Chicago Lawyer: OJ Simpson Parole Likely, Justified
Jul 20 2017 by Dustin Murphy
In the robbery, Simpson took hundreds of pieces of memorabilia from two men.
1969: The first pick in the pro draft, Simpson goes to the Buffalo Bills and spends the next nine seasons with the team.
Former football superstar O.J. Simpson could be released from a Nevada prison as early as October if all goes well at Thursday's parole board hearing to be televised live by ESPN and streamed by several websites.
In 2007, grainy surveillance video from a Las Vegas casino showed Simpson leaving a sports memorabilia dealer's hotel room and heading back into the national spotlight.
He was convicted of kidnapping, armed robbery and 10 other charges in connection to the crime and was sentenced to 33 years behind bars with the possibility of parole after nine years.
Simpson, 70, will ask four parole board members who sided with him once before to release him in October, a likely possibility with his clean prison record. In addition, the man may be out soon if the upcoming parole hearing is going to go as planned. KTVU, NBC News, and ABC News are among the channels that have been granted access to the hearing, and they will all be streaming the hearing online; links to each of their livestreams are available on the Board of Parole's website.
Where can I watch the parole hearing?
"I wish I'd said, 'Keep it and not worry about it, ' " Simpson said.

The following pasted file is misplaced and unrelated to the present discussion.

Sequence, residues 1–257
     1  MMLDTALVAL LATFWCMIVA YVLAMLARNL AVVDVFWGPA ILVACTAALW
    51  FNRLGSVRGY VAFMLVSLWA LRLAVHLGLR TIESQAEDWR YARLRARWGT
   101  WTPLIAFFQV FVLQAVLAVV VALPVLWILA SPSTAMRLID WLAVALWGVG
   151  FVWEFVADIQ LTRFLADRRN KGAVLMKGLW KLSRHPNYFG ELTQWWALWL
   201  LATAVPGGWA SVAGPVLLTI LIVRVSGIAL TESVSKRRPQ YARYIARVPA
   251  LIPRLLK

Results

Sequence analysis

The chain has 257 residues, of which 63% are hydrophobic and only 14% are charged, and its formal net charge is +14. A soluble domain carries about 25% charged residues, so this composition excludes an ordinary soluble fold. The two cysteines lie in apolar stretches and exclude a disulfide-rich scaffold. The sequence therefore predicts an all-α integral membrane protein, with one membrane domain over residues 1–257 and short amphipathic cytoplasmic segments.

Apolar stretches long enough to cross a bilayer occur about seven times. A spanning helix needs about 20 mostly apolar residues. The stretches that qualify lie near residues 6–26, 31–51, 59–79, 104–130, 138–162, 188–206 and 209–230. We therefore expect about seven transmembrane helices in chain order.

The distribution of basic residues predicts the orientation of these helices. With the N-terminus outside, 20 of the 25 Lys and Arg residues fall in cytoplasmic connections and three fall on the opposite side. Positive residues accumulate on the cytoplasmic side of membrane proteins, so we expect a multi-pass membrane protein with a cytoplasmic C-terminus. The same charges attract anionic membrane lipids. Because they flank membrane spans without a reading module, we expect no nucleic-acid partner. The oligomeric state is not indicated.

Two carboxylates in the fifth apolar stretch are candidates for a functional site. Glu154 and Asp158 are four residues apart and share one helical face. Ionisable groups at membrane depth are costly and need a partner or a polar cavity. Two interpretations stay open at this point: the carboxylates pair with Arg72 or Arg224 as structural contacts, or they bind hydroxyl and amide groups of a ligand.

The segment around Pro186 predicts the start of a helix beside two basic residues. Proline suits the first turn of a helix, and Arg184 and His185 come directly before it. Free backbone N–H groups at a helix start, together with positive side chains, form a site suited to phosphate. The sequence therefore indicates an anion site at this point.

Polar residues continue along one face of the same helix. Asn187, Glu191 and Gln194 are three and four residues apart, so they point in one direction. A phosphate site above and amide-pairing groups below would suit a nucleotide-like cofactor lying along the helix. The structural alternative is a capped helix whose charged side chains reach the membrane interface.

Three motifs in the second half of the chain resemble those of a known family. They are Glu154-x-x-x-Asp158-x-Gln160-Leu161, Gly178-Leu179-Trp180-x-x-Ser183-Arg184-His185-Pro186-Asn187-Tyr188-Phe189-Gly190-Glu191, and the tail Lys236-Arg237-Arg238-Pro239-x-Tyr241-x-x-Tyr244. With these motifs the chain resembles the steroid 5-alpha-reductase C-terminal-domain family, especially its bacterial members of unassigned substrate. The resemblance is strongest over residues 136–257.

Steve Wolfson, the current Clark County district attorney, told AFP he believes Simpson "makes an excellent candidate for parole".
The parole hearing will likely dominate the news in the United States, with all the major television networks set to livestream the hearing.
Prominent Buffalo defense attorney Paul Cambria thinks O.J. Simpson, the former Bills great who is serving time for a botched robbery, has a good shot.
Simpson was arrested after a low-speed auto chase through Los Angeles which was broadcast live by television stations and watched by millions.
Simpson was accused of but acquitted in their killings in 1995.
Public views on the African-American athlete's guilt or innocence divided sharply along racial lines. The former football star subsequently was judged liable for the deaths in a civil case brought by the two victims' families.
However, one factor that could weigh against his seemingly solid case for parole is the notoriety still surrounding Simpson's acquittal in a sensational double-murder trial that gripped America two decades ago, according to some who have followed his case most closely.
Simpson is expected to explain what he would do and where he would live if he was released.